A good job
“On Sunday Legolas did a good job but I didn’t do my best riding job, so I wanted to prove today that Legolas deserves to be one of top horses in the world. I gave it every bit of my strength and he produced a wonderful clean test. And on top of that he allowed me to be within a tenth of a second to the music so we had high artistic scores,” he explained.
“This season we have had a few ups and downs, so to finish so strong in the last test of the season – I can hardly describe how I feel right now!” he added. When asked about team-mate Laura Graves’ close silver-medal finish, Peters continued, “I knew before the competition today that it would be awfully close. I saw her doing a beautiful clean test, so the tension to last second today was quite something. I have to admit I got very emotional when Legolas was called out the winner!”
And the 50-year-old rider was quick to refer back to his US team-mates and the success they have achieved over the last few days. “Let’s not forget that every single rider, including the fourth horse, contributed to the team gold medal. There was a combination of drop scores, so everyone did their job, and it is a fantastic group of people – all good-hearted athletes. It’s quite something to win with wonderful friends you almost have to call family!” he said.
Facts and Figures:
Victory in the team competition has secured a qualifying spot for the USA at the 2016 Olympic Games in Rio de Janeiro, Brazil.
This was another record-breaking performance from the Americans who already held the record for four consecutive team victories, and have now increased that to five.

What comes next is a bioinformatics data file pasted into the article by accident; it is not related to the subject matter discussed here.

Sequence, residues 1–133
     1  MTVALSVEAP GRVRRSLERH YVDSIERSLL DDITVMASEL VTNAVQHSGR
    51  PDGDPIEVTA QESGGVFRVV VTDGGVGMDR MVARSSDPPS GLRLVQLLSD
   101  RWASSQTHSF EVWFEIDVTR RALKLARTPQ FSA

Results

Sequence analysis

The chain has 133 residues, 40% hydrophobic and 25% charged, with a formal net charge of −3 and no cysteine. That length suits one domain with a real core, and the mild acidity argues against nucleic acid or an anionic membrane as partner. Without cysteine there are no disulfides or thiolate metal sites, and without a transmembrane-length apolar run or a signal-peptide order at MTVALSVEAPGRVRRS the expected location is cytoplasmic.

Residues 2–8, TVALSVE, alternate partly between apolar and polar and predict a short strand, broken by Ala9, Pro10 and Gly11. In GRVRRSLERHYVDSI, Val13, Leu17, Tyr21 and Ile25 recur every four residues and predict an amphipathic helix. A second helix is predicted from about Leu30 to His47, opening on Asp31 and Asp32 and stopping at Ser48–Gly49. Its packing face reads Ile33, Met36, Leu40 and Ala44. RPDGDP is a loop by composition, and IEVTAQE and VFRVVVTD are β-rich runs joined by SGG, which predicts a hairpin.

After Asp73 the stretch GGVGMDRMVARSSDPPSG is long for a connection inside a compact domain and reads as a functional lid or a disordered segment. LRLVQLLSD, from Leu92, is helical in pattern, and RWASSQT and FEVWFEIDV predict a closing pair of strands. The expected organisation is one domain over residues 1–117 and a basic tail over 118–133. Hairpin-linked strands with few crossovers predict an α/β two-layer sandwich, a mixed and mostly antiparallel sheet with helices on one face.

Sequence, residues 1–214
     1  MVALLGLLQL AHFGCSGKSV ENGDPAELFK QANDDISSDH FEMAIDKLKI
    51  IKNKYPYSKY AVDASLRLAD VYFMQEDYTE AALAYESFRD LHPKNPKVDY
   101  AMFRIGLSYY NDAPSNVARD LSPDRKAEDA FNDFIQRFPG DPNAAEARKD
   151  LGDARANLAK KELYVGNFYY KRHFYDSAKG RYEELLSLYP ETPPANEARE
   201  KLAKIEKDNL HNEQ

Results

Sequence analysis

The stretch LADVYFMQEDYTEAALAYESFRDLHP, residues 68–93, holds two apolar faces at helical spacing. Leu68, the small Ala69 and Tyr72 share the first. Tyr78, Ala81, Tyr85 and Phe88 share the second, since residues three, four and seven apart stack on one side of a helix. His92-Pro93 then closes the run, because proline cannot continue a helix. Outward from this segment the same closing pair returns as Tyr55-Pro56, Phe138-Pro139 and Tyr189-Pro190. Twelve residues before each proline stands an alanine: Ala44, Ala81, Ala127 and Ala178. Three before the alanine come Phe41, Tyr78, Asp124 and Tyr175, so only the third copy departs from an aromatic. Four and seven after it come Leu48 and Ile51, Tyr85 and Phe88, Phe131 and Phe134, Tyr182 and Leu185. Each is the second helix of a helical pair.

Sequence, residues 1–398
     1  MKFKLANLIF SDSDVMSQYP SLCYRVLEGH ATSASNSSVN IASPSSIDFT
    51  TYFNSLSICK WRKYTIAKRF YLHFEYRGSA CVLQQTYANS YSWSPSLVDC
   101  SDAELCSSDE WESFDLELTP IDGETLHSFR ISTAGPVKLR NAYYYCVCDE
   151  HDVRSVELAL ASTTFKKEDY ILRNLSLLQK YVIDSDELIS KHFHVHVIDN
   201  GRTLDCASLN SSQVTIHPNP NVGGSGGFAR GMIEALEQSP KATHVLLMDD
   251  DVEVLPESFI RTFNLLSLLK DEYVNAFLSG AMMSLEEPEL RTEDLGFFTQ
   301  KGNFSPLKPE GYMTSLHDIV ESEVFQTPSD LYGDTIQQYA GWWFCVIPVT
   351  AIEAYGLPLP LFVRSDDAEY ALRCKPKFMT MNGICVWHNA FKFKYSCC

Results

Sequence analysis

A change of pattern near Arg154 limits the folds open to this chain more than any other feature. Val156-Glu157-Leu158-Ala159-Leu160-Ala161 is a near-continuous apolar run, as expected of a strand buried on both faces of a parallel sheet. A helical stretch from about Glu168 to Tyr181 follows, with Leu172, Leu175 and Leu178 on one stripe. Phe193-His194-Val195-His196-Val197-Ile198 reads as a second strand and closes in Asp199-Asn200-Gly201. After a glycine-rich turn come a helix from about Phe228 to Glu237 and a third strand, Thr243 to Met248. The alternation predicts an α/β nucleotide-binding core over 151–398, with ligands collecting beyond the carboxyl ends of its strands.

16 nations were represented in Dressage at the 17th Pan-American Games while 10 countries fielded teams.
The Ground Jury consisted of: Hans Matthiesen DEN, Stephen Clarke GBR, Maribel Alonso MEX, Elizabeth McMullan CAN (President) and Lilo Fore USA.
A total of 21 horse-and-rider combinations competed for the individual medals.
The list of teams so far qualified in Dressage for the Rio 2016 Olympic Games now includes, Brazil (automatic qualification), Germany, Great Britain, The Netherlands (placings at Alltech FEI World Equestiran Games™ 2014 in Normandy), Australia (best ranked team from Olympic Group F or G at the Alltech FEI World Equestrian Games 2014 in Normandy), and USA (single qualifier from Pan-American Games 2015 in Toronto, Canada).
Countries can also qualify “composite” teams. For full details of Olympic DRESSAGE qualification opportunities, and list of teams, check out this link: http://fei.org/system/files/Dressage%20-%20Rio%202016%20-%20Qualification%20System_13July%202015.pdf.
The next major Olympic qualification opportunity is at the forthcoming FEI European Championships in Aachen, Germany, 11-23 August 2015, where 3 further places are on offer.
History: Argentina staged the very first Pan American Games from 25 February to 9 March 1951 in its capital, Buenos Aires. A total of 22 countries took part, with four – Argentina, Brazil, Chile and Mexico – competing in the three equestrian events. Just three riders from Argentina and Chile lined out in the Dressage discipline, with Chile taking team gold as well as individual gold and bronze. Individual champion was Jose Larrain with Rappel. At this 17th Pan American Games 64 years later, Argentina finished fifth, behind Mexico, in the Dressage team event on a score of 201.016.
By Louise Parkes